Winnipeg Free Press - PRINT EDITION

Embattled boss suspended from child-welfare agency

Move follows complaints about spending, nepotism

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The executive director of an embattled aboriginal child-welfare agency was suspended Wednesday after allegations of nepotism and extravagant travel spending surfaced last month.

Cree Nation Child and Family Caring Agency director Linda Constant was placed on administrative leave and forced to turn in her keys after a meeting in The Pas. Cree Nation, which provides child-welfare services to seven bands in northwestern Manitoba, will now be run by a senior administrator on loan from Opaskwayak Cree Nation's child-welfare agency.

"The authority will work together with the administrator and staff to ensure children are safe and that there is no disruption in the delivery of services to children and families," said Rose McKay, CEO of the northern authority which oversees aboriginal child-welfare agencies.

The fate of Cree Nation's board was uncertain last night amid allegations the board has taken luxury trips and retreats over the last couple of years even though former workers complained of chronic understaffing.

Officials with OCN's child-welfare agency said Cree Nation's board had been suspended for the next six months while the province and the northern authority tried to get the agency back on track. But McKay said a decision on the board's fate won't be made until Monday. That's when the chiefs from the seven northern bands served by Cree Nation meet in Winnipeg.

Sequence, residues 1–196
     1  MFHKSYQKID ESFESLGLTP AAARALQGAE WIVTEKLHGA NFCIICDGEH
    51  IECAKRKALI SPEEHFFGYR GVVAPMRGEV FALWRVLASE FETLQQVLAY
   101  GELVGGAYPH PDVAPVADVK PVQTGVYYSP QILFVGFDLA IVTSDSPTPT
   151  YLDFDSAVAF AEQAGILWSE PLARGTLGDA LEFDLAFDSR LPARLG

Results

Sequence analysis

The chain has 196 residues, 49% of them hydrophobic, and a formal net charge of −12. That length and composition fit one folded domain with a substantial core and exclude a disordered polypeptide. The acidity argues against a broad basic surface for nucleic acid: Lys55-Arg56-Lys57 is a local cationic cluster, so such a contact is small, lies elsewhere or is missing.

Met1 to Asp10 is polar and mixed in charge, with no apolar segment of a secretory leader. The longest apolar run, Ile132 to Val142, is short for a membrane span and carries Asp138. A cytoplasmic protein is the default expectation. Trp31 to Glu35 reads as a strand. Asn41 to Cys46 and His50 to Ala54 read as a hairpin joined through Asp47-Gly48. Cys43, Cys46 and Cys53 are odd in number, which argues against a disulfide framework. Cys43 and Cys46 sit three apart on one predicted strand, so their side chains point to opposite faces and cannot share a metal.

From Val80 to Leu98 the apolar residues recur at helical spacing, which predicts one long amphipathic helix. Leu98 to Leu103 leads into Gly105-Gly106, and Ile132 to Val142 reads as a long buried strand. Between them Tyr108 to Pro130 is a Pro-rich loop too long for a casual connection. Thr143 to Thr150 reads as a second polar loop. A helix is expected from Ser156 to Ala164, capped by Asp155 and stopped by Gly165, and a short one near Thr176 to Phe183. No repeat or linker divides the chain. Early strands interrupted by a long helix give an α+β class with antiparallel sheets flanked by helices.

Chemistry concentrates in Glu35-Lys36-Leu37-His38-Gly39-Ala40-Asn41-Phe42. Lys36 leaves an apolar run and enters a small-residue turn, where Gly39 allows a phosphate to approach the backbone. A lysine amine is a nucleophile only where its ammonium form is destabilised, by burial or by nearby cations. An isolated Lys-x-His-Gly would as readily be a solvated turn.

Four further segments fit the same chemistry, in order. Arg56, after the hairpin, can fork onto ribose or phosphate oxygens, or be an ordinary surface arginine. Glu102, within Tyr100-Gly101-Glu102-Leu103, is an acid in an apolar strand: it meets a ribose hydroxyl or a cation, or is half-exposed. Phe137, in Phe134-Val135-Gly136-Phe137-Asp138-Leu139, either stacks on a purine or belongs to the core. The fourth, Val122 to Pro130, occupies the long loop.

The news comes just as the province and the northern child-welfare authority are putting the finishing touches on a review of Cree Nation launched last summer after former staff complained to the Doer government about mismanagement and excessive spending at the agency.

The former social workers highlighted $70,000 spent on luxury staff retreats, conferences and out-of-province board meetings to locales like Kelowna, Niagara Falls and Prince Albert, Sask. Since the review began, the travel has continued to destinations like Minneapolis and Alberta, say the former workers.

And they said most of the trips were taken by car and mileage was paid at 55 cents per kilometre. For a trip to Niagara Falls, one driver could claim well over $3,000 for the return trip.

In 2006, two dozen senior staff also received a three-per-cent wage hike retroactive 10 months, and a $30,000 van was purchased for Constant in lieu of a raise.

Many of Constant's family members work at the agency, though some predate her.

Cree Nation is run by a board made up of chiefs or band councillors from the seven First Nations it serves. At last count it was responsible for about 440 kids in care.

Pukatawagan Chief Shirley Castel says she is so fed up with Cree Nation that she wants to pull out of the embattled agency and partner with Opaskwayak Cree Nation's child-welfare agency instead.

She said the office in Pukatawagan is chronically understaffed with extremely high turnover. It should have six staffers but often only has one.

"That doesn't help the agency or the foster families or the children," said Castel. "That seems to get lost in the shuffle."

Castel said the band has long wanted to withdraw from Cree Nation and work on a joint venture with OCN near The Pas.

Last month, when news of the turmoil at Cree Nation surfaced, Chemawawin Cree Nation Chief Clarence Easter said it may be time for Cree Nation's executive director and some board members to resign.

The chiefs of the seven bands are meeting next week as part of a Swampy Cree Tribal Council gathering to discuss the review of Cree Nation and how to proceed.

Constant was expected to attend that meeting.

The review of Cree Nation is one of five investigations into aboriginal child-welfare agencies that are underway now, and it prompted calls for the province or the northern authority to step in and remove Constant.

The other agencies under review are Anishnaabe Child and Family Services, Sagkeeng Child and Family Services, Southeast Child and Family Services and Peguis Child and Family Services.

The reviews were launched either after complaints arose about operations or finances or after a child died in care.

Republished from the Winnipeg Free Press print edition June 12, 2008 $sourceSection$sourcePage

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